pain and suffering or disfigurement), one should consider
greater than $2,000,000.00 in coverage per occurrence. If the
Seminars in Interventional Radiology Vol. 36 No. 2/2019
118 A Primer to Understanding the Elements of Medical Malpractice Hill, Ryu
This document was downloaded for personal use only. Unauthorized distribution is strictly prohibited.
damages exceed the amount of malpractice insurance coverage, the IR physician is personally responsible for any excess
sum owed to the plaintiff. All assets that are not contained
within certain trusts, with the exception of some retirement
or pension accounts, are subject to seizure. However, this
process is state dependent. Consultation with an experienced attorney who specializes in trusts is recommended.
Direct and transparent communication with the patient
and family about complications and medical errors has been
shown to decrease the incidence of malpractice litigation.
“Apology” laws exist in 36 U.S. states, which mandate that
when a physician states “I’m sorry,” it is not admissible as a
statement of guilt or culpability in a court of law. A sincere
apology after a physician mistake decreases the likelihood of
subsequent legal action.3
It goes without saying that careful, contemporaneous
documentation of conversations, consultations, procedures,
and follow-up visits is required. In the age of the electronic
health record (EHR), remember that all of your documentation is available in perpetuity. It is also possible to track when
medical records or images are accessed. If you are named in a
legal action, do not access relevant medical records until
you’ve had a chance to discuss it with your legal counsel. Any
relevant notes or documentation outside of the EHR is
discoverable, meaning that they must be made available to
the plaintiff’s attorney.
Conclusions
Understanding the elements of a medical malpractice cause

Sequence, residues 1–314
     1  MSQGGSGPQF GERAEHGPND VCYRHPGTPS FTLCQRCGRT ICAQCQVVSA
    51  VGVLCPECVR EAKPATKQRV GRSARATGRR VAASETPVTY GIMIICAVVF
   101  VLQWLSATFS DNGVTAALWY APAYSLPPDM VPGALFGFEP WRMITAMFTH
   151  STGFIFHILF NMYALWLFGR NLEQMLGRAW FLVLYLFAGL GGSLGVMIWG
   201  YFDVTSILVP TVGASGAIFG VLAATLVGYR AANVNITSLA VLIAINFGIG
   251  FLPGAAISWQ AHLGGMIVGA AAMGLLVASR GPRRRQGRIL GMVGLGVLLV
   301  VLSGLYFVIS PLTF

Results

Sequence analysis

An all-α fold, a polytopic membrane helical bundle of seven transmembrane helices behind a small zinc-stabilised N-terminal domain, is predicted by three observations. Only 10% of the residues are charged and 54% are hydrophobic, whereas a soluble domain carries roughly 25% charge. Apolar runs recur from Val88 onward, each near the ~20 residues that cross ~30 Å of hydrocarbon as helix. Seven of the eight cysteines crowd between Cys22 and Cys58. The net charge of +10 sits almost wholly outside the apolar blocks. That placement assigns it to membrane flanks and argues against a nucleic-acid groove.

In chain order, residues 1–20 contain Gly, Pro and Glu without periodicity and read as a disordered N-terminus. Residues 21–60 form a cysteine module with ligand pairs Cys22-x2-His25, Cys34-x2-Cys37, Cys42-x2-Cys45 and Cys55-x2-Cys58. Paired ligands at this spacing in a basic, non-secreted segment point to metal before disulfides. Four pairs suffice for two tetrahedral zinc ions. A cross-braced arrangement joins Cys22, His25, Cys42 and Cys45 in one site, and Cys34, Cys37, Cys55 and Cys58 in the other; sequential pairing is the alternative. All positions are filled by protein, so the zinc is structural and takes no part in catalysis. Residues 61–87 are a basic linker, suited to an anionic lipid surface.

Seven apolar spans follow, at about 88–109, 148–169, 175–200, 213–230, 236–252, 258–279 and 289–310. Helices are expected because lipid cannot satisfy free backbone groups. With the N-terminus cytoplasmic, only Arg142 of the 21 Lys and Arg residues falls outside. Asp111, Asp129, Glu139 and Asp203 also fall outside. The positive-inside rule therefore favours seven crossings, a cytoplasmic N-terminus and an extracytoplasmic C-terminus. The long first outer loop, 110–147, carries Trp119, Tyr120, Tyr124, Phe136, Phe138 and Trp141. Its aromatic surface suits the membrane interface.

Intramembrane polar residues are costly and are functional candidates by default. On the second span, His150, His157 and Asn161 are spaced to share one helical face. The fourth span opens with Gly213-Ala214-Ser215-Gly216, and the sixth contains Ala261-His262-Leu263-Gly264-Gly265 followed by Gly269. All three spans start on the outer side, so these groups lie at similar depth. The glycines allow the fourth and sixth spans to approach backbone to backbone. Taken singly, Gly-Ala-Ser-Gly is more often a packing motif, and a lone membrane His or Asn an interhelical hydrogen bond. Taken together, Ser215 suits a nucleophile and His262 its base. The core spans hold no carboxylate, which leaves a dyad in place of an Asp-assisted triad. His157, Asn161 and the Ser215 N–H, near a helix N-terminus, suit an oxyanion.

of action and a means to mitigate the risk through careful
planning, documentation, and the purchase of appropriate
malpractice insurance is important information for the IR
practitioner. Understanding the length and breadth of medicolegal actions is the necessary first step to successfully
navigating the legal, financial, and emotional challenges.
Take-Home Points
1. Malpractice requires four elements: duty owed, duty
breached, an injury caused by the breach, and that the
patient actually suffered the injury.
2. Malpractice cases routinely take years to litigate; it is a
marathon, not a sprint. Prepare yourself mentally for a
prolonged, slow-moving process.
3. The standard of care is usually defined by the testifying
expert witnesses: what is the level of care provided by a
qualified, careful physician in the same or similar
circumstances?
4. Find out whether your state has caps on pain/suffering/
disfigurement; if not, you’ll need to carry more malpractice insurance to avoid losing unprotected personal assets.
5. A sincere apology after a patient injury decreases the
likelihood of subsequent litigation. Apologies are not
considered an admission of guilt in the 36 U.S. states
that have passed “Apology” laws.
Disclosure
The authors have no relevant financial disclosures.
References
1 Medscape. Available at: https://www.medscape.com/slideshow/
2017-malpractice-report-6009206#1. Accessed February 16,
2019
2 American College of Radiology; Society of Interventional Radiology; Society of Neurointerventional Surgery; Society of Pediatric Radiology. Practice parameter for interventional clinical
practice and management. J Vasc Interv Radiol 2015;26(08):
1197–1204
3 Witman AB, Park DM, Hardin SB. How do patients want physicians to handle mistakes? A survey of internal medicine patients
in an academic setting. Arch Intern Med 1996;156(22):
2565–2569